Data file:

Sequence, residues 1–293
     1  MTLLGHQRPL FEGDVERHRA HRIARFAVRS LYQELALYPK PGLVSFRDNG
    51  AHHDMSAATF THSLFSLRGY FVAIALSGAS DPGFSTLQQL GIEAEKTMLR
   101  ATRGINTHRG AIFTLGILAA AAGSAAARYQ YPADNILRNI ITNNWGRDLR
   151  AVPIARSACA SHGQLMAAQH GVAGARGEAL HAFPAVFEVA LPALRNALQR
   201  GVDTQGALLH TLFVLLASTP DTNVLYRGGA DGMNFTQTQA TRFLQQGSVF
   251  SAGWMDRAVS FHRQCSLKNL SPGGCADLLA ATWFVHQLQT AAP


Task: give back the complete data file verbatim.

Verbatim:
Sequence, residues 1–293
     1  MTLLGHQRPL FEGDVERHRA HRIARFAVRS LYQELALYPK PGLVSFRDNG
    51  AHHDMSAATF THSLFSLRGY FVAIALSGAS DPGFSTLQQL GIEAEKTMLR
   101  ATRGINTHRG AIFTLGILAA AAGSAAARYQ YPADNILRNI ITNNWGRDLR
   151  AVPIARSACA SHGQLMAAQH GVAGARGEAL HAFPAVFEVA LPALRNALQR
   201  GVDTQGALLH TLFVLLASTP DTNVLYRGGA DGMNFTQTQA TRFLQQGSVF
   251  SAGWMDRAVS FHRQCSLKNL SPGGCADLLA ATWFVHQLQT AAP